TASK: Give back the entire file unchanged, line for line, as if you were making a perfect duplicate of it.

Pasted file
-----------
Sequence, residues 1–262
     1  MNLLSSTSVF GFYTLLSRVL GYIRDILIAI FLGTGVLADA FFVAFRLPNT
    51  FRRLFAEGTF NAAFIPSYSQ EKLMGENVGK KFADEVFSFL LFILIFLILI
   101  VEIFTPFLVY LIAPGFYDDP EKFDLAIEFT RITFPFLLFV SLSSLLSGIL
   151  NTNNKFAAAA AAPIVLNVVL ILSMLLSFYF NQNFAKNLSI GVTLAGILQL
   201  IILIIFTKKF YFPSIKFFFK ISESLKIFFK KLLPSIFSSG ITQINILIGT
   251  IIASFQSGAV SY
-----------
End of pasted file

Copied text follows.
Sequence, residues 1–262
     1  MNLLSSTSVF GFYTLLSRVL GYIRDILIAI FLGTGVLADA FFVAFRLPNT
    51  FRRLFAEGTF NAAFIPSYSQ EKLMGENVGK KFADEVFSFL LFILIFLILI
   101  VEIFTPFLVY LIAPGFYDDP EKFDLAIEFT RITFPFLLFV SLSSLLSGIL
   151  NTNNKFAAAA AAPIVLNVVL ILSMLLSFYF NQNFAKNLSI GVTLAGILQL
   201  IILIIFTKKF YFPSIKFFFK ISESLKIFFK KLLPSIFSSG ITQINILIGT
   251  IIASFQSGAV SY